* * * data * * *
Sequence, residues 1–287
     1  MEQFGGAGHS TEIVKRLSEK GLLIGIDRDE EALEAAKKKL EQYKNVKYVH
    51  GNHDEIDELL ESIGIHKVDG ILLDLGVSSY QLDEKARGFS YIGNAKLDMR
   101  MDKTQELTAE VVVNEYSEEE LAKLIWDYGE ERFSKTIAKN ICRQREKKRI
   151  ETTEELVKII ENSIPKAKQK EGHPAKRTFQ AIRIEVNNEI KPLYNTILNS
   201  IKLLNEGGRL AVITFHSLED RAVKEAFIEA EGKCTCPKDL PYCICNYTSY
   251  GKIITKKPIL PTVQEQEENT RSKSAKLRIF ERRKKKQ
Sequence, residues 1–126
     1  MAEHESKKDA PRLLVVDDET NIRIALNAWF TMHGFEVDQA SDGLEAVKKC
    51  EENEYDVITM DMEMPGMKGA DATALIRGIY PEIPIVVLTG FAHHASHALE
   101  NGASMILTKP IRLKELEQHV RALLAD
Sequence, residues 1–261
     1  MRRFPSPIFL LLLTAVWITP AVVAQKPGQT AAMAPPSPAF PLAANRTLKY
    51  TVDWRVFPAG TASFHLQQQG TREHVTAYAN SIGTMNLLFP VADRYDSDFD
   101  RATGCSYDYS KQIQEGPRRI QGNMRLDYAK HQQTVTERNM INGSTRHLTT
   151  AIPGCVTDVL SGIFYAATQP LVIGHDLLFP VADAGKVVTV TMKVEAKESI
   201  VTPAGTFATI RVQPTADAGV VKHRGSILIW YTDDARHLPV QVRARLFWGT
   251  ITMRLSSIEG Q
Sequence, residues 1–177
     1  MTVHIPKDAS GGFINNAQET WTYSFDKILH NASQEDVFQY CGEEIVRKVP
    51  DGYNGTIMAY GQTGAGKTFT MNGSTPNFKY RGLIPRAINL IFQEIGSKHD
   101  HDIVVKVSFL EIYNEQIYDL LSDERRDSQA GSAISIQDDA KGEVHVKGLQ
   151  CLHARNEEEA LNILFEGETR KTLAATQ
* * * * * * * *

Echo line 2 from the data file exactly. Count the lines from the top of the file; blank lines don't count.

     1  MEQFGGAGHS TEIVKRLSEK GLLIGIDRDE EALEAAKKKL EQYKNVKYVH